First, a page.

XO Chinese Food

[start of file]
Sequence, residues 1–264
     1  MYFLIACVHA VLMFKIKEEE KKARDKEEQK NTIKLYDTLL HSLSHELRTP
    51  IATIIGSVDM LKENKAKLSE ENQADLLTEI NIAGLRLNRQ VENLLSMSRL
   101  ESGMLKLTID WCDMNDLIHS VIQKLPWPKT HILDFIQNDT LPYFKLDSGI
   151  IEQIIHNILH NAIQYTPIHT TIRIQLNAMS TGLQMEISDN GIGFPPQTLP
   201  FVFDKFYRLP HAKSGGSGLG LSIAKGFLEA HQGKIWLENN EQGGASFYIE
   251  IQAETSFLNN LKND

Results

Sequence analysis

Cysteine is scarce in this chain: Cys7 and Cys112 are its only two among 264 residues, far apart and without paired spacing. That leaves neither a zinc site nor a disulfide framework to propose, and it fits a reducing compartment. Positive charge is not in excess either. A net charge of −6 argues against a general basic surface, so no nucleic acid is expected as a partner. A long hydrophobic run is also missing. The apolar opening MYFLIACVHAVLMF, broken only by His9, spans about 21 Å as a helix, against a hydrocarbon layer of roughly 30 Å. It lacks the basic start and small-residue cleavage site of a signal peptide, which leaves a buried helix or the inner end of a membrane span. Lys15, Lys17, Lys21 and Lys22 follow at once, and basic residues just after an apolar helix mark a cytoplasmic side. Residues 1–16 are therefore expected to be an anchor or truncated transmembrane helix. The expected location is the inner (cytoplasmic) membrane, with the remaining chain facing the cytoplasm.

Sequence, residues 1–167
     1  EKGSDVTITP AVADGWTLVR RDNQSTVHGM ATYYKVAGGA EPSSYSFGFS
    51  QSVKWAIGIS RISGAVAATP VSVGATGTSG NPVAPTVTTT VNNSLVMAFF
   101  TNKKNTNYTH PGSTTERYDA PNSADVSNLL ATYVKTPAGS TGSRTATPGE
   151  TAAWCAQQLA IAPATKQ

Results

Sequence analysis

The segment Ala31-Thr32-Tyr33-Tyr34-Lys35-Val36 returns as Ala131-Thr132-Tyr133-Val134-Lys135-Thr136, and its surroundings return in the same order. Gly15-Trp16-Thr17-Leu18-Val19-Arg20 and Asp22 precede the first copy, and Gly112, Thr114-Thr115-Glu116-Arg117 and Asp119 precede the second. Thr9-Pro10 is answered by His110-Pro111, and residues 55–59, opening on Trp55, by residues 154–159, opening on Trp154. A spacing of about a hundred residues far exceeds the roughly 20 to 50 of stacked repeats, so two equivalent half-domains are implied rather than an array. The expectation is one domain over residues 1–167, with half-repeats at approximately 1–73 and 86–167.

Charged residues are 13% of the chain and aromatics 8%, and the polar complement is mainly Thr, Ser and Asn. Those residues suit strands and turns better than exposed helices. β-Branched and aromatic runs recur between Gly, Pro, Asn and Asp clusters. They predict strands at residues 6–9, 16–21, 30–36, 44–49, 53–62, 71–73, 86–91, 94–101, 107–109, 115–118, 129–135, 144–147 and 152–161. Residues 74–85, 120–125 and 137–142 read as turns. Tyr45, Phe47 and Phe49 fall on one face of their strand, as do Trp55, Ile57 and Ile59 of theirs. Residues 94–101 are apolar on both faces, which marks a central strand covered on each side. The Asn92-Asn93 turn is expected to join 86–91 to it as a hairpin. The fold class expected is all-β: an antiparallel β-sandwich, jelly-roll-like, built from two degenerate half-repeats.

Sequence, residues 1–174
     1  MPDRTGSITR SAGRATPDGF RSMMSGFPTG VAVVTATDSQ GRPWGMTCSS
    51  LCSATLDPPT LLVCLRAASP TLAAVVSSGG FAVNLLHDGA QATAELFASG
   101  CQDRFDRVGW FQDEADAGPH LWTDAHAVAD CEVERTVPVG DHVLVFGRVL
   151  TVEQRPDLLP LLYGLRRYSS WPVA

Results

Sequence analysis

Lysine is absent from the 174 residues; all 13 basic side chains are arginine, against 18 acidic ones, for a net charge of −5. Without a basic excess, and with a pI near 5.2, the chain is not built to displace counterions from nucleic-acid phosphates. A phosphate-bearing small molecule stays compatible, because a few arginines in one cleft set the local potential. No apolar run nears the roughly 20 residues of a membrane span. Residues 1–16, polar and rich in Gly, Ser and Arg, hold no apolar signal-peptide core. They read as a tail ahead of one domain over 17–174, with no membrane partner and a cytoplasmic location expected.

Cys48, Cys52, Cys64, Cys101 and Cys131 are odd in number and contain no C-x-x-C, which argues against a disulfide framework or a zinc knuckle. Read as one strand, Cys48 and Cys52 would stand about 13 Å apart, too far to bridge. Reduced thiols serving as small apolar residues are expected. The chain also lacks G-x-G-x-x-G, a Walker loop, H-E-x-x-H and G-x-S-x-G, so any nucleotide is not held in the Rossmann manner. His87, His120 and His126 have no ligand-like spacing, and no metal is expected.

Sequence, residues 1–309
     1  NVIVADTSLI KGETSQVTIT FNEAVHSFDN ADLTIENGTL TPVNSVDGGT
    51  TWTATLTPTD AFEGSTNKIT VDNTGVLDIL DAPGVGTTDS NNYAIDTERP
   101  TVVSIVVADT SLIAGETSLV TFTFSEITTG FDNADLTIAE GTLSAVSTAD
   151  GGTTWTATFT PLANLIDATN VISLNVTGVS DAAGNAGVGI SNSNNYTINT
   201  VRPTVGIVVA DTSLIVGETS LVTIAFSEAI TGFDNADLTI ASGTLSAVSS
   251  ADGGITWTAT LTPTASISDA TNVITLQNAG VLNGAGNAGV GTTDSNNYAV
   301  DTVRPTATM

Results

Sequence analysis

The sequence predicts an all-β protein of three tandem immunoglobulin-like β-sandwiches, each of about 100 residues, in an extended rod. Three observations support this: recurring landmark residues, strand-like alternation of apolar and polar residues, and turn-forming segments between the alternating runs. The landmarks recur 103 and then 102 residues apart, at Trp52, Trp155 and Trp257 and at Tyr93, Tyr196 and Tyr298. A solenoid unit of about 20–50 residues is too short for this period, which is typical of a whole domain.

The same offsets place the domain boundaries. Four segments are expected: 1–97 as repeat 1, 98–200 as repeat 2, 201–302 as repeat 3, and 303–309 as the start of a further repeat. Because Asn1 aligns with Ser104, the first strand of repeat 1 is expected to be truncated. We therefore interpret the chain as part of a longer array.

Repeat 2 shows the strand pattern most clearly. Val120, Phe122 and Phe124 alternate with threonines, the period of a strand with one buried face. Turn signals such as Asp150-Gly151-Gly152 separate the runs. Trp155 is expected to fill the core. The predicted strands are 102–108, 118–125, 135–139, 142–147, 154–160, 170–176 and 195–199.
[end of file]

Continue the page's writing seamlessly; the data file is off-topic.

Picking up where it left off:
Have you ever turned around from a restaurant or storefront because it looked like a quality place? As a former student still in that mindset, I definitely have. My team went for pizza and forgot to bring back Jimmy Johns (cheese and I are at odds) so I ventured out into downtown to try and find something. Truth be told, I was glad not to have the sandwich- the JJ “Club Lulu” (#16) is easily my most commonly eaten object in the last 16-20 months, but I wasn’t feeling something cold at the moment. I needed something warm, greasy, saucy, meaty- like pizza- oh wait. My next thought was chinese. As I rounded the corner to where I thought Jimmy Johns was, sure enough, I saw an Asian place on the other side of the street. Problem was, the all the straight edges and modern architecture of the exterior told me that this was not the place I was looking for. I pictured in my mind $10 plates, 10 minute waits, 10% tips, and really nice red tablecloths. As I turned my head to enter Jimmy Johns though, something caught my eye. It was a dirty little foodcart, and from the looks of it, serving chinese food. The interesting was, it was serving right outside the upscale XO restaurant. Out of the impression that this was Chinese competition directly undercutting the XO dynasty, I crossed the street to find out. It turns out it was XO itself. I met a short man who called himself General Tso (what an honor) and told me that for $4 I could have two of anything I wanted and for $6 I could have three of anything I wanted. He spoke my language- and in a minute I was loaded up and heading back to the offices happy. I think it was a bold move of XO to support the message that the “customer is king.” I mean, a potential customer went from “no thanks.” to “serve me up.” That’s important. They paid for their look, probably deeply, but they were forgo it to reach more customers. Sure it was a profit decision, but it spoke to their willingness to bend down and meet the needs of a changing GR market, even if it meant a different price point (and food quality) that they might have preferred. I was reminded of this sweet Chinese song: Lucky Dragons – Complement Song

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